SAS: Who Dares Wins final recruits ‘at the mercy of very scary’ directing staff
The three successful SAS: Who Dares Wins – Jungle Hell recruits have revealed what it was like to be “at the mercy” of the show’s “very scary” directing staff.
Bin man Grant, professional boxer Joshua and personal trainer Hilary discovered they had successfully passed the Channel 4 show’s selection course in the Vietnam jungle on Tuesday evening.
Reflecting on the role of the directing staff – chief instructor Billy Billingham, Jason “Foxy” Fox, Rudy Reyes and Chris Oliver – 37-year-old Grant from Edinburgh told the PA news agency: “They were good cop-bad cop the whole time.
“You couldn’t gauge them. I admired them, but I didn’t mess with them.
“They were scary… They were in control the whole time, your hands and your life were at the mercy of them and that is a very, very horrible thing to feel.”
Meanwhile 24-year-old Joshua from Ilford described the staff as “real-life superheroes”.
“I couldn’t say that they intimidated me because I had in my head that everything is just a game and everything is just trying to test me,” he said.
“But in regards to seeing them in real life, it’s just ultimate appreciation for what they do, they are like real-life superheroes.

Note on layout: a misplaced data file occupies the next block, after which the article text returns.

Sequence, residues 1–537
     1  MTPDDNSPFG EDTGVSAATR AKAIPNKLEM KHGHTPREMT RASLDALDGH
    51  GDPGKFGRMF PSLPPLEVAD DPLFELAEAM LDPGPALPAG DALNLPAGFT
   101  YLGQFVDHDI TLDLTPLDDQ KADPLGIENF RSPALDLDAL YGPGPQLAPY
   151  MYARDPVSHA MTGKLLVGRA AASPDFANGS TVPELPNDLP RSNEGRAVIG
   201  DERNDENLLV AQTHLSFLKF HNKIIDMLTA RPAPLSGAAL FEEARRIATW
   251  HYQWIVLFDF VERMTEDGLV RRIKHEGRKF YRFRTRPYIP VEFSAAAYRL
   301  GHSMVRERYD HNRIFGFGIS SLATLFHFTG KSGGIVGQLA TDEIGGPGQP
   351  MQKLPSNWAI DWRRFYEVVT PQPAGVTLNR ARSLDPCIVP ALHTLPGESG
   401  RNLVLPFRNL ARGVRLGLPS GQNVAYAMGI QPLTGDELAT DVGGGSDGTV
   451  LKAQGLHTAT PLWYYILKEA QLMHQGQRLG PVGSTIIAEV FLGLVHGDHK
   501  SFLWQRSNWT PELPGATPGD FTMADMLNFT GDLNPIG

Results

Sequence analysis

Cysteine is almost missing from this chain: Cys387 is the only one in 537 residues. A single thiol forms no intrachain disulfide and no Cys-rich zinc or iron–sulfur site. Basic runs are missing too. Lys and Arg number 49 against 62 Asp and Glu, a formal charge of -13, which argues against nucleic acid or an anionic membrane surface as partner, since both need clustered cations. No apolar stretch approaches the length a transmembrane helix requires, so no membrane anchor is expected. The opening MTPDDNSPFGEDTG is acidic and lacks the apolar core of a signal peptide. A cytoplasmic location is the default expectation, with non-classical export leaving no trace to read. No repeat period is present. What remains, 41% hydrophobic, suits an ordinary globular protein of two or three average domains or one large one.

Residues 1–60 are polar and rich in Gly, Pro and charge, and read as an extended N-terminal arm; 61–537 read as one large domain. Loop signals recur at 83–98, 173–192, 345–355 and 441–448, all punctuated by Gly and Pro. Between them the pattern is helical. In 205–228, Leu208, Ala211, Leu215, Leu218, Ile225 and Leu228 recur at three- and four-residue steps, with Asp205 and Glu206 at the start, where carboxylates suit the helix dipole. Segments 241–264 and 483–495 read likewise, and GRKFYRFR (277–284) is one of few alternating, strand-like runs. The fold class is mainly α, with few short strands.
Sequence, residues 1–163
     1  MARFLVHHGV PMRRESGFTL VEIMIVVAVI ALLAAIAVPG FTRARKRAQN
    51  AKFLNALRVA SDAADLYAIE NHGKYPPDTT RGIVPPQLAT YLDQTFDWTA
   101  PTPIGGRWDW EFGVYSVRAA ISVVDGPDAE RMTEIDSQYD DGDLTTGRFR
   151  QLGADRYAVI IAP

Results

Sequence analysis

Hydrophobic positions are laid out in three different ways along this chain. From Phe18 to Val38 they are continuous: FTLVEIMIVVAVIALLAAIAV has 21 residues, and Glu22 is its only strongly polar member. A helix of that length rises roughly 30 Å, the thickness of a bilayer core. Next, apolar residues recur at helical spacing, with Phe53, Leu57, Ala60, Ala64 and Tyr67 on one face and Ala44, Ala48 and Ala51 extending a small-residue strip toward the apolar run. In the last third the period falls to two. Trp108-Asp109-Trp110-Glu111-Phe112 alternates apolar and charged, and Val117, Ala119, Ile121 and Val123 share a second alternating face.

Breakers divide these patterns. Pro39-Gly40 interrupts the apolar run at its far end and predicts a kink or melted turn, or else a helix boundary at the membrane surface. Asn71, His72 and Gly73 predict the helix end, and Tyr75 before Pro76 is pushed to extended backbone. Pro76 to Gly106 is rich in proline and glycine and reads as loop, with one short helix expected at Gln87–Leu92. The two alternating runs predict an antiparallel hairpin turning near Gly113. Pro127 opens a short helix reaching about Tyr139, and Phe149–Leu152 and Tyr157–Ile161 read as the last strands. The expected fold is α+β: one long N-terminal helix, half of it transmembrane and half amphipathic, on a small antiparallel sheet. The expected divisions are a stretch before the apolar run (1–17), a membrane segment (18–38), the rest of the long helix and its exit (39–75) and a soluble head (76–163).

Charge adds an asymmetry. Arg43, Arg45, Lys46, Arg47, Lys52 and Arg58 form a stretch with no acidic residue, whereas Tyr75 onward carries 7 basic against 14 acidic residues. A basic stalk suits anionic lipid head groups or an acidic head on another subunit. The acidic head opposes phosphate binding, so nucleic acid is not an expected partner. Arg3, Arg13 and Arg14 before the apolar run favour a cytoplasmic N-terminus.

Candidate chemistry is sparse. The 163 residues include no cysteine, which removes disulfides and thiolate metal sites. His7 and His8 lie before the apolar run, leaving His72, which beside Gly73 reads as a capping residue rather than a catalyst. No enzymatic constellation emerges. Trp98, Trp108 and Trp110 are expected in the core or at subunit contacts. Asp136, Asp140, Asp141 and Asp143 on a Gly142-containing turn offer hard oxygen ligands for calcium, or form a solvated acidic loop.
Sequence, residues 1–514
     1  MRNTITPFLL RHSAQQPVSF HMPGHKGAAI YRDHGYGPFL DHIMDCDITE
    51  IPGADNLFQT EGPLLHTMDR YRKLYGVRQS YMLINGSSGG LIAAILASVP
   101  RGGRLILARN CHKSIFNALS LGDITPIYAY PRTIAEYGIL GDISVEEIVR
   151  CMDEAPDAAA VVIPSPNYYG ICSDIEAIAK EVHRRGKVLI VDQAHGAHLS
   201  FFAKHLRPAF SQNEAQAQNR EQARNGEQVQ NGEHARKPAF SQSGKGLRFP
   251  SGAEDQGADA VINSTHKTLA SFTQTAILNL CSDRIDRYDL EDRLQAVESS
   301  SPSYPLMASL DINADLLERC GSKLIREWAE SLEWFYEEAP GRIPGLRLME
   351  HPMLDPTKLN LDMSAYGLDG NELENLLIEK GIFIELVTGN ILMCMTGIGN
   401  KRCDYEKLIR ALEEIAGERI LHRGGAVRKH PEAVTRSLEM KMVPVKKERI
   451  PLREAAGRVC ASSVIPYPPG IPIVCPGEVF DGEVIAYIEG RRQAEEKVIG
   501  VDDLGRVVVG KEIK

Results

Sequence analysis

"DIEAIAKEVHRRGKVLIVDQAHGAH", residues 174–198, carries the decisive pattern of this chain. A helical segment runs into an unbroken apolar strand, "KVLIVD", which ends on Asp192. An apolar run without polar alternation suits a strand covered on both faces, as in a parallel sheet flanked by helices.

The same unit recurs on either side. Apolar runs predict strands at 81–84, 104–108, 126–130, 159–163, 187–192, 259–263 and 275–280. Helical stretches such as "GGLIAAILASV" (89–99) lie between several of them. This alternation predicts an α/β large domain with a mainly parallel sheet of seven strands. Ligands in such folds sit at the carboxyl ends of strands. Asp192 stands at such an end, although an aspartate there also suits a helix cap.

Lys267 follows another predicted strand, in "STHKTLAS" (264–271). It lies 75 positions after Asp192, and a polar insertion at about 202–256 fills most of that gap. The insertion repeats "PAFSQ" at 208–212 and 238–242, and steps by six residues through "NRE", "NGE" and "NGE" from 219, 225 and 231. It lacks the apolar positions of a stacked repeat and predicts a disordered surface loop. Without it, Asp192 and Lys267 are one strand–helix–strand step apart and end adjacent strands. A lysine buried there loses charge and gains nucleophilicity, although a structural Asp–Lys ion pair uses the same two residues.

“I just admired them and respected them.”
Hilary, 31, from Barnet, told PA: “I definitely found them very scary, and even more scary than watching them on TV.”
Following the news that she had made it to the end of the gruelling process from an initial group of 20 recruits, Hilary said the experience taught her: “There’s no such thing as ‘I can’t do it’.
“It was certain things that you think in your head, ‘I can’t do it’, but then I would always end up doing it, I would always ended up completing it and it would always happen.”
Grant said the process had helped him understand the concepts of “mindfulness” and “being present”.
He said: “I’ll be honest, I’ve never really got mindfulness before, but I think the terminology ‘remaining present’ is something that has completely and utterly made sense to me now.”
He added: “With the process, that’s what I learnt, that each task was a passage in time, it was a moment that was going to end and you either did it or you didn’t.
“And if you stick with it, and it does end, the satisfaction and the feeling, and the reward that you get, is massive.”
The recruits also had conflicting feelings over whether they knew they would ultimately complete the process and pass the condensed version of SAS selection.
“One hundred per cent, I was getting to the end. I told my Mrs that I was coming back in a box or I was getting to the end,” said Grant.
Joshua added: “I personally did know that I was going to make it, I had no other choice.”
However, Hilary said: “I just didn’t know what was going to happen… I would always overthink things and think: ‘Maybe yes, maybe no,’ so my tactic was to just go and take every challenge as it came.”